In State v. Wade, 252 N.J. 209, 219 (2022), the New Jersey Supreme Court held that the State could not “meet its heavy burden” of proving that the acknowledged Miranda violation of failing to honor the defendant’s “unambiguous request for counsel” was harmless beyond a reasonable doubt.
The police in Wade, responded to a report of a shooting in Paterson and found the victim in his vehicle, unresponsive and bleeding from apparent gunshot wounds. Id. at 212. The victim later died from those wounds. Ibid.
On the following day, footage of the shooting was obtained from a nearby surveillance camera, which showed a man wearing a black jacket over a gray hooded sweatshirt exit a dark-colored Audi sedan parked next to the victim’s car, shoot the victim several times, and then the shooter fled in the Audi. Ibid. Coincidently, as part of a separate investigation, the Auto Theft Task Force had obtained a communication data warrant authorizing installation of a GPS tracking device on a black Audi sedan, which had been reported stolen. Ibid. The data from the GPS placed the Audi at the scene of the victim’s murder and then at a nearby address, where the car remained for several hours. Ibid. The detectives recovered the vehicle and obtained additional surveillance footage which confirmed the GPS data and showed clear images of the defendant Jamal Wade exiting the vehicle at a liquor store later that day. Id. at 212-13. The detective recognized the defendant from “prior interactions.” Id. at 213.
The defendant was arrested for murder and brought to police headquarters for questioning. Ibid. The detectives administered Miranda warnings. Ibid. “Defendant verbally affirmed his understanding and signed a Miranda form, demonstrating that he understood his rights.” Ibid. However, as the detective read the waiver of rights section of the form, the defendant invoked his right to counsel by stating “I got a lawyer. . . . Let me talk to him.” Id. at 213-14. Notwithstanding that invocation, the detectives continued to question the defendant until he inculpated himself by identifying himself in the surveillance video from the liquor store. Id. at 214. The trial court held that the defendant’s statements were admissible in evidence and the defendant was found guilty on all counts. Id. at 215.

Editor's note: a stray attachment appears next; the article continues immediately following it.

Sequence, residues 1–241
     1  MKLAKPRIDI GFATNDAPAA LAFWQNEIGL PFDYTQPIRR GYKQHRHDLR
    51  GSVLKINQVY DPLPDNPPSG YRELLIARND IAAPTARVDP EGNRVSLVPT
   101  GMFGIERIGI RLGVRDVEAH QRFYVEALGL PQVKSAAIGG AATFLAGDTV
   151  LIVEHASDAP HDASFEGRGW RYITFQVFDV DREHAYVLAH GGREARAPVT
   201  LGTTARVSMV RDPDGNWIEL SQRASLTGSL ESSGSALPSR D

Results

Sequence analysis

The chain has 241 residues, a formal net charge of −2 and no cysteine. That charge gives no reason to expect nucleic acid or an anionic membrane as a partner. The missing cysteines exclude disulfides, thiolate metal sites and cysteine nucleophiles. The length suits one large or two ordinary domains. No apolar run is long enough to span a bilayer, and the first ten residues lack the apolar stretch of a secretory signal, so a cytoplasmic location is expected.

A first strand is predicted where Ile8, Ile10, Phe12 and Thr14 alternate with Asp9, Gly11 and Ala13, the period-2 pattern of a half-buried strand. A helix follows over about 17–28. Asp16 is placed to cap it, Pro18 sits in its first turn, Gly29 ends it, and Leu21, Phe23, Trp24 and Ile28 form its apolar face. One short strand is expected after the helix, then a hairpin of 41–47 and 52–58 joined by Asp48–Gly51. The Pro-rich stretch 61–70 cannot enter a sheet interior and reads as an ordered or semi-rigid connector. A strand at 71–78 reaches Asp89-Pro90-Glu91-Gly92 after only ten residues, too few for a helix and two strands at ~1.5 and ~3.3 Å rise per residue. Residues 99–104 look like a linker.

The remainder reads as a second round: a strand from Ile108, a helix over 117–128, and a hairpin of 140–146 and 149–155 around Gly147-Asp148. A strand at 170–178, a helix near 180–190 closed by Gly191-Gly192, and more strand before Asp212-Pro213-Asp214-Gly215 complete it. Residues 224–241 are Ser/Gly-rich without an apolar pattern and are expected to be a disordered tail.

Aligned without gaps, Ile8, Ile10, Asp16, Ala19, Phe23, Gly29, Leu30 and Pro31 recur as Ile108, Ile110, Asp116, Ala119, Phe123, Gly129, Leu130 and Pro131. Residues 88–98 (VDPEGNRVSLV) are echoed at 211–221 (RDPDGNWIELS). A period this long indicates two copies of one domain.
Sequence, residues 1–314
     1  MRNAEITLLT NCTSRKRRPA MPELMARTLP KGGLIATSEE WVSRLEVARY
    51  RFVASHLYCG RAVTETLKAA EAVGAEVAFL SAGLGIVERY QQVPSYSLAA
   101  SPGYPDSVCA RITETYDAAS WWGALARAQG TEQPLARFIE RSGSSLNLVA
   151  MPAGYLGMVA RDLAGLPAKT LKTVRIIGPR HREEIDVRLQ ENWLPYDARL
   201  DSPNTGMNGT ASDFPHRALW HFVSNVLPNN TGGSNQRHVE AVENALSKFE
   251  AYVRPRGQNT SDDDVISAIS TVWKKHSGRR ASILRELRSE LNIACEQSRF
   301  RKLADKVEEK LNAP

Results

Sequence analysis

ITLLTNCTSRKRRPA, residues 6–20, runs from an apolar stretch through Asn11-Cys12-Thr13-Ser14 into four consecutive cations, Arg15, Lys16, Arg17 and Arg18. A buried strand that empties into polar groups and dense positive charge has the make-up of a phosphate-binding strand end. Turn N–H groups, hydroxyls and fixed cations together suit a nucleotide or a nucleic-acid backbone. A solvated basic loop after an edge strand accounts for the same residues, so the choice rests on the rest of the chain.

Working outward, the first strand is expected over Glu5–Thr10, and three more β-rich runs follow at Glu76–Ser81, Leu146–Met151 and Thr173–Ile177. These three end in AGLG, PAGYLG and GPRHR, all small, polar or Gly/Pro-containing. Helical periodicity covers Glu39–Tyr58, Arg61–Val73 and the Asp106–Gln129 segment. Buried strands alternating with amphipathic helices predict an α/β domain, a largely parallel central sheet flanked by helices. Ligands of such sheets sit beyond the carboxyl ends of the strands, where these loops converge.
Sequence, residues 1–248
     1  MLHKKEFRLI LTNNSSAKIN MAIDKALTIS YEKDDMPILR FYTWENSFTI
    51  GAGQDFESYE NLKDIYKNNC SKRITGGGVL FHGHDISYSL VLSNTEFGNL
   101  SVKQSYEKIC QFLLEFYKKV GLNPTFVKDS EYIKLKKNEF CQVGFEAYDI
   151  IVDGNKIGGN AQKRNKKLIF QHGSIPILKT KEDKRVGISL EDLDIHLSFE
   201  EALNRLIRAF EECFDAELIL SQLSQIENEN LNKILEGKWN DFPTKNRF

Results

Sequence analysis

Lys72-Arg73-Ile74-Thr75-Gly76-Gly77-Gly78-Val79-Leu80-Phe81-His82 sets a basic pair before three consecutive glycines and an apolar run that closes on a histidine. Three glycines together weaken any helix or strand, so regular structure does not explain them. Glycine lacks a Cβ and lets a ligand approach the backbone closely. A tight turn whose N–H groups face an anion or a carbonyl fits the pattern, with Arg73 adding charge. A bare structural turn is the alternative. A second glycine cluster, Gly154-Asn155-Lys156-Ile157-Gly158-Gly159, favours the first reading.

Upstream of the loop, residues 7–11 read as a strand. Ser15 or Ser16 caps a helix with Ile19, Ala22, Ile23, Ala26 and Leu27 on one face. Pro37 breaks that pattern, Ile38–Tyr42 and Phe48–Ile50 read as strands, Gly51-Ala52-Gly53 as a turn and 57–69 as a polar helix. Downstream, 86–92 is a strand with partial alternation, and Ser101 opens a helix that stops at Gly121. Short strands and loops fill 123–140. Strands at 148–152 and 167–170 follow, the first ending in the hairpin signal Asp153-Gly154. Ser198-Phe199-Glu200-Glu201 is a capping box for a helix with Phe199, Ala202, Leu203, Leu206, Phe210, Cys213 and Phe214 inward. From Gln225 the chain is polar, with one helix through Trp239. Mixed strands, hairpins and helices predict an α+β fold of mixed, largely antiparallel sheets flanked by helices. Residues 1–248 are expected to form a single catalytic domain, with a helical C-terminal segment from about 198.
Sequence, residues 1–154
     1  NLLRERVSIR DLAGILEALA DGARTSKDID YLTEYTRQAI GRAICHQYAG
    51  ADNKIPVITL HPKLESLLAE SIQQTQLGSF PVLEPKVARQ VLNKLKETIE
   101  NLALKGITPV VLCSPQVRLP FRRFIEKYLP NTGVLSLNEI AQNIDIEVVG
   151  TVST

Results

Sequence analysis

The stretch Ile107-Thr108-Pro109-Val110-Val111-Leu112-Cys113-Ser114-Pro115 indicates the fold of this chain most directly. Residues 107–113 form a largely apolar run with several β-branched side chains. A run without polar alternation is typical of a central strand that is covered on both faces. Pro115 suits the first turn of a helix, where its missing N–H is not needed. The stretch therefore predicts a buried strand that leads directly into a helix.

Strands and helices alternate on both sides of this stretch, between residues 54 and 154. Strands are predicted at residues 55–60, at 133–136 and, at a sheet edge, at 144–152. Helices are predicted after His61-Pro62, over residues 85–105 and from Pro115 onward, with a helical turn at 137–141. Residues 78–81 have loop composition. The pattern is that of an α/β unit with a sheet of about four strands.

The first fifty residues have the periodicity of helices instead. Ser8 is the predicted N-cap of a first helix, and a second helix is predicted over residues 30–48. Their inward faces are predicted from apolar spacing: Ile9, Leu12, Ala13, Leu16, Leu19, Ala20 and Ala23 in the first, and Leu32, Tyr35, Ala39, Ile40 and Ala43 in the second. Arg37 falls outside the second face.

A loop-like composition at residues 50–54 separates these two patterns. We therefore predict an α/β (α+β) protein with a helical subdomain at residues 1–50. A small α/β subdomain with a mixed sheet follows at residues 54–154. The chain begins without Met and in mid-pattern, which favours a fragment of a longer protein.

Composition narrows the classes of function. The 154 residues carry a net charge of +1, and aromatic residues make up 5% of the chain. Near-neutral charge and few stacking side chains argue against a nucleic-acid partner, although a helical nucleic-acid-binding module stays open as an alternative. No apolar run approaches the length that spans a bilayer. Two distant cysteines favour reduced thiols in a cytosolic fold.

On appeal, the State conceded “that defendant invoked his right to counsel and that the detectives should have ended the interrogation as soon as he did so,” but argued “that this error was harmless.” Id. at 218. Thus, the State argued that “any evidence obtained through the interrogation lacked material significance because the jury ‘would have heard the same evidence’ through the rest of the State’s case.” Ibid.
The New Jersey Supreme Court considered the question of “whether it was harmless error to admit defendant’s statements, keeping in mind that [the Court] rarely find an error to be harmless when the State violates a defendant’s right against self-incrimination.” Id. at 220. The Court explained “[t]hat is not only because the right to counsel is so precious, but also because self-inculpatory statements are powerful evidence of guilt that is not easily overcome.” Ibid.
The Court found that the admission of the defendant’s statements in Wade was not harmless beyond a reasonable doubt. Id. at 219-21. The Court wrote that “this is not an instance of overwhelming, direct evidence.” Id. at 221. The Court held in cases where “the State’s theory hinges on circumstantial evidence of a defendant’s location at a particular time — a self-identifying, self-inculpatory statement that colors the defendant as a liar is not harmless beyond a reasonable doubt.” Id. at 221. “While police may extract such statements through interrogation, they must do so within the confines of the law.” Ibid. The Court was “satisfied that did not happen in this case,” and thus concluded “that only a new trial, one untainted by defendant’s unlawfully obtained admissions, can rectify the detectives’ failure to honor defendant’s Miranda rights.” Id. at 222.
State v. Wade is a significant new case because it re-asserts the importance of the right to counsel and holds the State cannot “meet its heavy burden” of proving that the acknowledged Miranda violation of failing to honor the defendant’s request for counsel was harmless beyond a reasonable doubt.
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 Miranda v. Arizona, 384 U.S. 436 (1966)